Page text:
With its headquarters in South Carolina, Charleston Aluminum is a leading national distributor of all types of metal and metal products. Since being founded in 2000, they have grown quickly on the back of their culture of good customer service, quality products, wide product line availability and excellent product & market knowledge. Their dedicated and experienced sales team has a well-earned reputation for putting customers first, and are committed to the industry for the long haul.
Charleston Aluminum was formed by Willie Portnoy in Orangeburg, South Carolina. As the business has grown, it has moved closer to Colombia, the state capital. Portnoy came from a background as a metals trader, and originally the company used those skills to purchase materials mainly from overseas. As it evolved and grew; Charleston has moved further downstream, first into a “master distributor” and then into a full line metals service center.
“In recent years we’ve moved and more into becoming a full line service centre,” says COO Dean Blakeney. “We realized that we could not only sell to other distributors, that we had an attractive offer for end users too, especially in the higher added value markets.”
Today, Charleston Aluminum provides a plethora of metals and metal products, as well as services to clients in the commercial, marine, aerospace and defence industries. They are also the leading choice for high quality, light gauge foil products including converter foil, air filter foil, fin stock foil, flex-tubing, venetian blind coil stock and honeycomb foil. Their team searches the globe to source material tailored to meet their client’s needs at the best quality and price available.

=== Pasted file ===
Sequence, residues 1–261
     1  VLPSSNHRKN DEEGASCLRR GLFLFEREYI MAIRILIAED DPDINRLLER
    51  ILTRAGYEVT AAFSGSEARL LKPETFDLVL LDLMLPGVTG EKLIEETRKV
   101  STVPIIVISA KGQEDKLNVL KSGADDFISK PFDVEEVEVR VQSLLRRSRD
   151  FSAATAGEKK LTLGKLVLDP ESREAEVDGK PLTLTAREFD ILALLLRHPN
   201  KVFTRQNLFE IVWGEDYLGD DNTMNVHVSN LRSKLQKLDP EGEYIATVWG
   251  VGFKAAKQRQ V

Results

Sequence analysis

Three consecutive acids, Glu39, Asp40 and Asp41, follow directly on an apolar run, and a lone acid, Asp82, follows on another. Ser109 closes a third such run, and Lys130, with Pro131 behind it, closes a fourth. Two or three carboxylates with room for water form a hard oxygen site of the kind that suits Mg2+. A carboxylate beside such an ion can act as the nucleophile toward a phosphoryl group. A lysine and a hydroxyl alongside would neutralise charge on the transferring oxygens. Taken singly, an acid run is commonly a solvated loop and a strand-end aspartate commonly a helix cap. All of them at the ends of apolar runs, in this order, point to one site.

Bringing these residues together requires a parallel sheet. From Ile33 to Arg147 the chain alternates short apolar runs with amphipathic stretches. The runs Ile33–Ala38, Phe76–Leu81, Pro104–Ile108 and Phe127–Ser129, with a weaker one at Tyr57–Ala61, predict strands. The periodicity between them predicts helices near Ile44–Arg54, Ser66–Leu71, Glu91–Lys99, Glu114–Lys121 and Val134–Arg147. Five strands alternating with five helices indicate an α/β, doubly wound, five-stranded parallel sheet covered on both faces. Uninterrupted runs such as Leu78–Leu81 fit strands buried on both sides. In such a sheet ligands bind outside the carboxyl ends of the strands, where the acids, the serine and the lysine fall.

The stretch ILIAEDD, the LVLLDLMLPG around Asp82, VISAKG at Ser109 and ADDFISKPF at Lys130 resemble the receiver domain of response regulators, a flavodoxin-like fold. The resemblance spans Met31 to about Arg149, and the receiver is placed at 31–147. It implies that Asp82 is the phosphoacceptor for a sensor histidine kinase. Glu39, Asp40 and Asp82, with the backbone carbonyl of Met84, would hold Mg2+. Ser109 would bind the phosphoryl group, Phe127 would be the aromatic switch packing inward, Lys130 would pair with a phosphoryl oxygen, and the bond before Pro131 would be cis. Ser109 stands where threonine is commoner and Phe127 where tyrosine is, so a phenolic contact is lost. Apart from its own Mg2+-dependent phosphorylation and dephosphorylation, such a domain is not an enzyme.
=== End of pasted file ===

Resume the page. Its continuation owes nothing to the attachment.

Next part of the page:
Charleston’s warehouses with value added processing are located in Gaston, South Carolina and Miami Gardens in Florida with various other storage warehouses located in different parts of the country. They are able to provide rapid delivery of materials in order to meet even their customer’s most demanding requirements. Their own fleet of tractor trailers and regional delivery trucks provide service 24 hours a day, seven days a week if needed and their warehouse facilities offer a complete list of metal cutting and processing capabilities – including sawing, shearing, material stencilling, timesaver finishing and packaging.
The company’s customers tend to be nationally based, in both the United States and Eastern Canada – where they also deliver. Their base is made up of some of the major companies in their respective industries.
“We have better material availability and more competitive prices,” says Blakeney, summarising what sets Charleston apart from the pack. “We supply nationally, but in every major city there are maybe five or six metal distributors selling aluminum. They mostly sell common alloy coils and general engineering materials. We sell and focus on high value added specialist materials, that we can distribute nationwide.”
Charleston also goes out of its way to provide a special service to their customer. “We’re always available, for example,” Blakeney says. “Nowadays everybody is lean and very busy. But whenever you call Charleston Aluminum, somebody picks up the phone – a real person. That’s just one of the many things we do.”
“We’ll work weekends and nights, customers can call us at any time,” he continues. “And even the executives here, we sell ourselves directly to the customers.” At Charleston, they do not have a typical hierarchal structure – they’re more like a group of entrepreneurs working in lockstep, Blakeney says.